Built entirely out of red sandstone, the Qutb Minar stands at a dizzying height of 72.5 m, roughly the equivalent of a modern-day 25-storey office building. Its base is 14.32 m in diameter and it tapers upwards to a diameter of 2.75 m at the top. What's even more impressive is that it was built in the 12th Century! Talk about ancient!

The Qutb Minar has a long and colorful history. It is so named because it was ordered built by Qutb-ud-din Aibak, the first Muslim ruler of South Asia. Qutb-ud-din was a Turkish slave who rose through the ranks to become a general. As general of the Turkish army, he conquered most of Northern India. At the death of his king, he in turn was elected as the new sultan. He then moved his capital to Lahore, then onwards to Delhi. He was known as a fair and just king who established an efficient administrative system of government.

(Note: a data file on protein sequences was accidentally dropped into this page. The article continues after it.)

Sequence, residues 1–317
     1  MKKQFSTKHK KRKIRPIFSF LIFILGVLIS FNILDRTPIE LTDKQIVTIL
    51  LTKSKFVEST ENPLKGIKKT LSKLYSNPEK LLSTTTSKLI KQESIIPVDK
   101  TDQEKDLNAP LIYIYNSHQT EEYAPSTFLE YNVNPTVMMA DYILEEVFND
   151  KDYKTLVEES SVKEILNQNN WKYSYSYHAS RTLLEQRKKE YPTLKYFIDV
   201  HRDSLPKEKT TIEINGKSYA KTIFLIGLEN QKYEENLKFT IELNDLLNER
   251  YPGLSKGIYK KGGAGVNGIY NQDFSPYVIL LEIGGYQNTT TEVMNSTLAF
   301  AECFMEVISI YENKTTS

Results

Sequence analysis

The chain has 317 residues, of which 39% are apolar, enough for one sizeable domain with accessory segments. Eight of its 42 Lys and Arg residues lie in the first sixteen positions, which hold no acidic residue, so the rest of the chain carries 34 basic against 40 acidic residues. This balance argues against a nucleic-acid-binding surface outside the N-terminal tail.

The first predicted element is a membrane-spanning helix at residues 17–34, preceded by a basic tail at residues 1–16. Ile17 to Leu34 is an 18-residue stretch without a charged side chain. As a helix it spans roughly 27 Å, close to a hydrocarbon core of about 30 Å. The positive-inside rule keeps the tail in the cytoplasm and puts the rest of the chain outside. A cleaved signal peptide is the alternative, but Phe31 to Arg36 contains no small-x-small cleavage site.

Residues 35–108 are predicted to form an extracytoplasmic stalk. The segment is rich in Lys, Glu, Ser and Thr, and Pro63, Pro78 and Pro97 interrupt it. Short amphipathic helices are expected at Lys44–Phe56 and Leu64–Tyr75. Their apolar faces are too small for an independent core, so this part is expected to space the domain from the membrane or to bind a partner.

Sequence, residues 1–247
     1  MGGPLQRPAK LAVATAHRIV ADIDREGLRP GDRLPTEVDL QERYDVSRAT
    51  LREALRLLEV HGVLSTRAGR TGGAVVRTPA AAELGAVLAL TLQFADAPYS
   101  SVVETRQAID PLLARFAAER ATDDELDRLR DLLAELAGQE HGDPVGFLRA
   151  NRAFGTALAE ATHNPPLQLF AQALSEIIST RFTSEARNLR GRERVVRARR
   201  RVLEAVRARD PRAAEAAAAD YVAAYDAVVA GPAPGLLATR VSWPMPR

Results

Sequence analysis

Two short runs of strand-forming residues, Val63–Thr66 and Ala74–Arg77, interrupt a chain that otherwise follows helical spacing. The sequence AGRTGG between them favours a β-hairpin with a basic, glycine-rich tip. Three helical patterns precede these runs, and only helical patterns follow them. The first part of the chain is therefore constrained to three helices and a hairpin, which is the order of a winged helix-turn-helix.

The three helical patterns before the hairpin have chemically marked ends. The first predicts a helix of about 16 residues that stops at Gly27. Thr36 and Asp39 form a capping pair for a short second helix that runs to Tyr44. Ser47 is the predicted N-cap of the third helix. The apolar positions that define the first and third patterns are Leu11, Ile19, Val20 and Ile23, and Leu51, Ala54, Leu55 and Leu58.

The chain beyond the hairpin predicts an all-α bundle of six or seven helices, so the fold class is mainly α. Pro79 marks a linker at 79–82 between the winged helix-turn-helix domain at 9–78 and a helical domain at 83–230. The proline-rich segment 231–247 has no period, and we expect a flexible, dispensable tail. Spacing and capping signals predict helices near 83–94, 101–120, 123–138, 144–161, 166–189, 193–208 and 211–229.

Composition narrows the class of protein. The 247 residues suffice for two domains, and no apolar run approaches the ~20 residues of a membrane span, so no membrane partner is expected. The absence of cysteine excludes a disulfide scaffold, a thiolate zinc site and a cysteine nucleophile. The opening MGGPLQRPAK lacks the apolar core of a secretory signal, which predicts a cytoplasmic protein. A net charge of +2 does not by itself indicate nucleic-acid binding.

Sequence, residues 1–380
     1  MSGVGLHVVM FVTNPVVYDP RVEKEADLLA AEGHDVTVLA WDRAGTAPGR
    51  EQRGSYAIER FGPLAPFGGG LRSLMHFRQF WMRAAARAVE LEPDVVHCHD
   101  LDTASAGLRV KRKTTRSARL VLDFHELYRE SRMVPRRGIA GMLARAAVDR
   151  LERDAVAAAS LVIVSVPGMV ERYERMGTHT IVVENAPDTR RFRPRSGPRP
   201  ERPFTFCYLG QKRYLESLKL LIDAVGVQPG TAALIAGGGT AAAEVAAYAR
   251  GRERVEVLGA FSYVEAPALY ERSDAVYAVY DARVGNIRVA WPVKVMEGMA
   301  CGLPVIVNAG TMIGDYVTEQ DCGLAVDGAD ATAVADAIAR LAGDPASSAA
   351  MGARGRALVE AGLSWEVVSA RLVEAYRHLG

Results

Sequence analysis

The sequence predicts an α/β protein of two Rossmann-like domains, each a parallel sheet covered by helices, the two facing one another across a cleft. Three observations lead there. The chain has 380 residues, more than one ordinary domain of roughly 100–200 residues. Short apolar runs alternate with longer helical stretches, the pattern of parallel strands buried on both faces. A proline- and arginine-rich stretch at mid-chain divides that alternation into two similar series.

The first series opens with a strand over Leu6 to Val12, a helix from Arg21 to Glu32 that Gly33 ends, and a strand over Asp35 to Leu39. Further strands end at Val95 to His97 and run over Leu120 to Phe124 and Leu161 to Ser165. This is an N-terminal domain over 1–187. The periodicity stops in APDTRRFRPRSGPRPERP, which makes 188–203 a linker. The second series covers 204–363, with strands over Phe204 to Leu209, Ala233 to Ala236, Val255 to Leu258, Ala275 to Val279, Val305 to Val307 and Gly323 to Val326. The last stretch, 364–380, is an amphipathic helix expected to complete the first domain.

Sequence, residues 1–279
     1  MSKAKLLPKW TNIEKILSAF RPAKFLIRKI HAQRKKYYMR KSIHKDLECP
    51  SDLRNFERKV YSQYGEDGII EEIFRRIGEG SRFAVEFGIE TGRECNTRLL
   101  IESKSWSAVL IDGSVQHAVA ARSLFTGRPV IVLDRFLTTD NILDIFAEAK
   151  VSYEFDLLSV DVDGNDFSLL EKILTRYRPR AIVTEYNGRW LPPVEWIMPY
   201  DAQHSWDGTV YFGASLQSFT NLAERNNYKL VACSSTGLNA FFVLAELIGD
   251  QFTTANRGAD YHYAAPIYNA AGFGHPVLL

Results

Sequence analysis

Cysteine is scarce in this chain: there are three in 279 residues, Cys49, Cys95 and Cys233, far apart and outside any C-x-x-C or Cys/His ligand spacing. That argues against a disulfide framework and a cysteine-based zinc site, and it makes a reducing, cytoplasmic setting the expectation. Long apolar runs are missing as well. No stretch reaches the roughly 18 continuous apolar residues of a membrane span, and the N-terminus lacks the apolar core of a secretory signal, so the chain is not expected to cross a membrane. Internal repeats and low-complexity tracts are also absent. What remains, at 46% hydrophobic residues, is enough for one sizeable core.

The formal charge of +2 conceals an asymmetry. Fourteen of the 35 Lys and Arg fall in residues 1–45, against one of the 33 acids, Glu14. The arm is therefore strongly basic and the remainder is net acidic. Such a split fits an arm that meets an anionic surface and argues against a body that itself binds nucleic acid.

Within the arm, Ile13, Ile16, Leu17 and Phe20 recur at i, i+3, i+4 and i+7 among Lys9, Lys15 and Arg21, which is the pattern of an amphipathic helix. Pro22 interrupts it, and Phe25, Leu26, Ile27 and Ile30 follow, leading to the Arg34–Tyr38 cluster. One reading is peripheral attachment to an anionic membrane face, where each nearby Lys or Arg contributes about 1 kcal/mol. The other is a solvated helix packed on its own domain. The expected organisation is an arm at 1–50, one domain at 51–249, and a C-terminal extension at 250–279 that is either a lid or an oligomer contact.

After he defeated the last of the Hindu Kingdoms, Qutb-ud-din decided to erect the Qutb Minar as a symbol of the invincibility of Islam. Its purpose, as the inscription on its base says, is "to cast the shadow of God over the East and West." The tower was based on the design Muslim prayer tower from which muezzins would issue the calls to prayer. The tower itself stood within the complex of the Quwwatual Islam mosque.

The Qutb Minar, however, seems to have a symbolic rather than a functional structure. At a height of 72.5 m, the muezzin would hardly be heard by the Muslim faithful. And to climb up the 379 steps of the tower five times a day seems like excessive penance for a holy man.